Las Vegas, 110°, New York City, 92°, Washington D.C., 91°, Windsor, Ontario, 78°… Even the North Pole is a toasty 60°. Death Valley just had the world’s hottest month ever recorded for July with an average temperature of 108.1° Fahrenheit.
Oh, doesn’t 51 degrees sound lovely?
That is the temperature in Futaleufú, Chile now. Of course, June to August is winter time south of the Equator so it can be a bit cold and wet, yet still pretty mild with July temperatures averaging 38.5 °F. During this time, precipitation is very high, averaging 10 to 12 inches, with some snow most years, but so what – it is blessedly cool!
Futaleufú is a town and area in Northern Patagonia, specifically in Palena Province. This small frontier town is seven miles from the Argentinian border. A gravel road links the town to Trevelin in Argentina and to the Carretera Austral road in Chile. The town was named after the crystal blue and turquoise Futaleufú River, one of the best whitewater rafting rivers in the world. The river flows from Argentina through the town and empties into the fjord-shaped Yelcho Lake. The river’s name comes from a Mapuche word meaning “Big River.” It was known only to the traditional Mapuche people prior to the turn of the last century. The first European settlers arrived only about 80 years ago. Today, the town has a population of about 2,000 people, who work in the outdoor sports field as well as in forestry and cattle farming.
Honestly, the best time to explore this stunning environment is in the summer, November to mid-March, when nature shows off her most colorful outfits. This relatively lesser-known locale presents you with multiple adventure options including excellent rafting and kayaking as well as fishing, horseback riding, mountain biking and trekking. Futaleufú Valley also boasts ravines and waterfalls that are exceptional for canyoning and rappelling.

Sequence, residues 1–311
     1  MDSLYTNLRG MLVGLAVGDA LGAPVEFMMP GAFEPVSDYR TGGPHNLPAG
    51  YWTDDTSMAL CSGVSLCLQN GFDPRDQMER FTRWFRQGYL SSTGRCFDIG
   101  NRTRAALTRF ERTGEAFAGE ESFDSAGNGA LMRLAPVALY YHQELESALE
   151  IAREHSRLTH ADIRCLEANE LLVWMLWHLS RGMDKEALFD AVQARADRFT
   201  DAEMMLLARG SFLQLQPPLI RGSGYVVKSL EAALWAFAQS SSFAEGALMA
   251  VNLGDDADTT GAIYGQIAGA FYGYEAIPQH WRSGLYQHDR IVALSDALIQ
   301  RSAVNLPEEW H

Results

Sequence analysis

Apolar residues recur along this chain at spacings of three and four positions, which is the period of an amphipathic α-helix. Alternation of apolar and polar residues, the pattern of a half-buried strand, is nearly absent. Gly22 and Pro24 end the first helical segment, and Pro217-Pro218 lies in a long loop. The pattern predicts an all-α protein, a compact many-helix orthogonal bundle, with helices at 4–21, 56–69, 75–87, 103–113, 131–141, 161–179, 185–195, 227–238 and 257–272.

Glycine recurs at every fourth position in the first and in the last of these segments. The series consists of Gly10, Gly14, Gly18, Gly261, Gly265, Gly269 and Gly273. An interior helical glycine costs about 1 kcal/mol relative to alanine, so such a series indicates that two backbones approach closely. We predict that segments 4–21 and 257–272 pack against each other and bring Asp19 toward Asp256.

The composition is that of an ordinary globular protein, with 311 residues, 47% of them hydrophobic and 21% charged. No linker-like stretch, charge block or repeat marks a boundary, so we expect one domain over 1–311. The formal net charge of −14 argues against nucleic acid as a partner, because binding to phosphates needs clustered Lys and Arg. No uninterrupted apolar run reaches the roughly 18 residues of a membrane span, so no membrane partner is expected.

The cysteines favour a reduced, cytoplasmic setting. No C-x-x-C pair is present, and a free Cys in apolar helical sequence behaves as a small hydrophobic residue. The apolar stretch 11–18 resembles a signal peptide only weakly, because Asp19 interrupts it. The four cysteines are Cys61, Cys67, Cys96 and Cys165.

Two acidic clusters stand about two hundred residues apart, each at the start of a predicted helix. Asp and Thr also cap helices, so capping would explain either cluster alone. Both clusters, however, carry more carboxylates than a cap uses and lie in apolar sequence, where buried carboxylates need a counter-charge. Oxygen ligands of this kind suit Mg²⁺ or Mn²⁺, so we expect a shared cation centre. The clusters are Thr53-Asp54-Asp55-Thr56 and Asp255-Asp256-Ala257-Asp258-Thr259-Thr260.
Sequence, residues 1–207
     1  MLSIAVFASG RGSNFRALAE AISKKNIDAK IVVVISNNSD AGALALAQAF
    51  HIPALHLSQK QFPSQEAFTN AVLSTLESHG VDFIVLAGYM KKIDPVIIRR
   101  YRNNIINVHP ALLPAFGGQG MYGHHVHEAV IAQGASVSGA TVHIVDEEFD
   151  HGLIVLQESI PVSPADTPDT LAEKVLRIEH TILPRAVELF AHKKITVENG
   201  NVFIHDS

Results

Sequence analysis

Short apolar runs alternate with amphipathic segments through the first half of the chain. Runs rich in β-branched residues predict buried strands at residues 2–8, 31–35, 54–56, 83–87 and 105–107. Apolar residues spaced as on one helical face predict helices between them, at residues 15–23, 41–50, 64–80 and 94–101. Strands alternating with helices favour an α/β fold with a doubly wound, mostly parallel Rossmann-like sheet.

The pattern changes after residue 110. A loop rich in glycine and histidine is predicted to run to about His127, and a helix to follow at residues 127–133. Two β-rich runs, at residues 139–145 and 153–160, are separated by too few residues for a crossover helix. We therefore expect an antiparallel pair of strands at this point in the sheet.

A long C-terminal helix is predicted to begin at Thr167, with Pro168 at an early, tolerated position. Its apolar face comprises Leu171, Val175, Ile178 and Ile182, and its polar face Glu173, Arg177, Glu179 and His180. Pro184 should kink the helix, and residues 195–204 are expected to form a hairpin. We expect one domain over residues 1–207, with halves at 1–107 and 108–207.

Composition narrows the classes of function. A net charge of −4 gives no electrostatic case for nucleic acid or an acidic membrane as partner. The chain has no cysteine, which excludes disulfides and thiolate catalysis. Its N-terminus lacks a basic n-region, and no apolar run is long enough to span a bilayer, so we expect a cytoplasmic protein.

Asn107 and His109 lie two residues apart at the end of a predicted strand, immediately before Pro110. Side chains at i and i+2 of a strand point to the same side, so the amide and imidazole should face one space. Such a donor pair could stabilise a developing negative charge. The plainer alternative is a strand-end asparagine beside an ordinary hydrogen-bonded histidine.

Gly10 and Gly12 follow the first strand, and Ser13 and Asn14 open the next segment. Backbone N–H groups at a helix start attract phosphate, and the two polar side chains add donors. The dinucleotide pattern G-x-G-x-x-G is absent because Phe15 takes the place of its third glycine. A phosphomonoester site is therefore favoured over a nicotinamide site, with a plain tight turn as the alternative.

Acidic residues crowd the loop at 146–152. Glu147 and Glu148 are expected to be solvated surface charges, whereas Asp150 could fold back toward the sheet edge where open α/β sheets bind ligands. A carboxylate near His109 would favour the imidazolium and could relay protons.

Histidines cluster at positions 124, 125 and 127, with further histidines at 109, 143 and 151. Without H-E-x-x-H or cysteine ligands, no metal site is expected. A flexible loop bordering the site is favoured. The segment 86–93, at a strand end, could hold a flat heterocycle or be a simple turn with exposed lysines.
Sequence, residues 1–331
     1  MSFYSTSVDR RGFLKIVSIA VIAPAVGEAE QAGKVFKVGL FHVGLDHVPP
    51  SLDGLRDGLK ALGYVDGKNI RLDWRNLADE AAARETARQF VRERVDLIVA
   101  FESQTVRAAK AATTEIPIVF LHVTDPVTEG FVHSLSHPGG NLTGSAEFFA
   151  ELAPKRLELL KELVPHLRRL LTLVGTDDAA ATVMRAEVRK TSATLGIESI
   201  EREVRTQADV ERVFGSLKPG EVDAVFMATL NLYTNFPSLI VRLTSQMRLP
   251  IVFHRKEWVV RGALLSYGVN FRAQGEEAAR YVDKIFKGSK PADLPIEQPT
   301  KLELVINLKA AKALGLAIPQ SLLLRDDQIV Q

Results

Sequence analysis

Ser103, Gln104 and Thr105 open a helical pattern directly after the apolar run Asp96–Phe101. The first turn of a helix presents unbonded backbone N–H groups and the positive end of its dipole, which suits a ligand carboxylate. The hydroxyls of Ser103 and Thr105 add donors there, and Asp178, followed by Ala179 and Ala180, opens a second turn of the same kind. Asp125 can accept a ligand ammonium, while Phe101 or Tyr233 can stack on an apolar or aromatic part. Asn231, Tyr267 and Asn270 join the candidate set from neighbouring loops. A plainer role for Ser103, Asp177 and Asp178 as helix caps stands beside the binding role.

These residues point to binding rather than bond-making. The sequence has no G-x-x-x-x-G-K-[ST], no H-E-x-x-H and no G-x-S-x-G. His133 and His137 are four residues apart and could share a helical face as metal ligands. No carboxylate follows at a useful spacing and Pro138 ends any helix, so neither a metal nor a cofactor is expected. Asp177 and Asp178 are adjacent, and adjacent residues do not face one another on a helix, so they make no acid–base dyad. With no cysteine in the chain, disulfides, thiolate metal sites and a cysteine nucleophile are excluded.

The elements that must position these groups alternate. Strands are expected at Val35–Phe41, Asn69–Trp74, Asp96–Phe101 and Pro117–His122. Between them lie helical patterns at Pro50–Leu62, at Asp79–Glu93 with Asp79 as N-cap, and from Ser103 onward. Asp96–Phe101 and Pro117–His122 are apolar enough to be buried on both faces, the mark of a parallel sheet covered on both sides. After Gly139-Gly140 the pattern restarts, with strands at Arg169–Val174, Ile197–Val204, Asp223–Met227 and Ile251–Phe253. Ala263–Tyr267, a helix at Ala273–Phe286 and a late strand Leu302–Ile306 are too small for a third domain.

Two lakes, Lonconao and Espolón, are ideal for paddlers and fly fishermen and are close to town. Fly fishing is also possible on the Futaleufú River, the Yelcho River, largest river in the valley, and Espolon River, the largest tributary, which is home to brown and rainbow trout as well as salmon that are present in April and May.
Nearby, Pumalín Park was created by a private United States environmental foundation, The Conservation Land Trust, founded by a prominent American businessman and conservationist in 1991 to protect a tract of primeval rainforest. This was the largest private nature reserve in the country. In 2017, it was the park was gifted to the Chile and was consolidated with another large section of land. It then became part of South America’s largest national park. It has an extensive infrastructure of trails.
The Futaleufú region offers a rich tapestry of landscapes, traditional cultures and outstanding adventures as you will discover on our new President’s Pick An Adventurer’s Chile.
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The temperature of lava ranges from 1,292 degrees to 2,282 degrees Fahrenheit.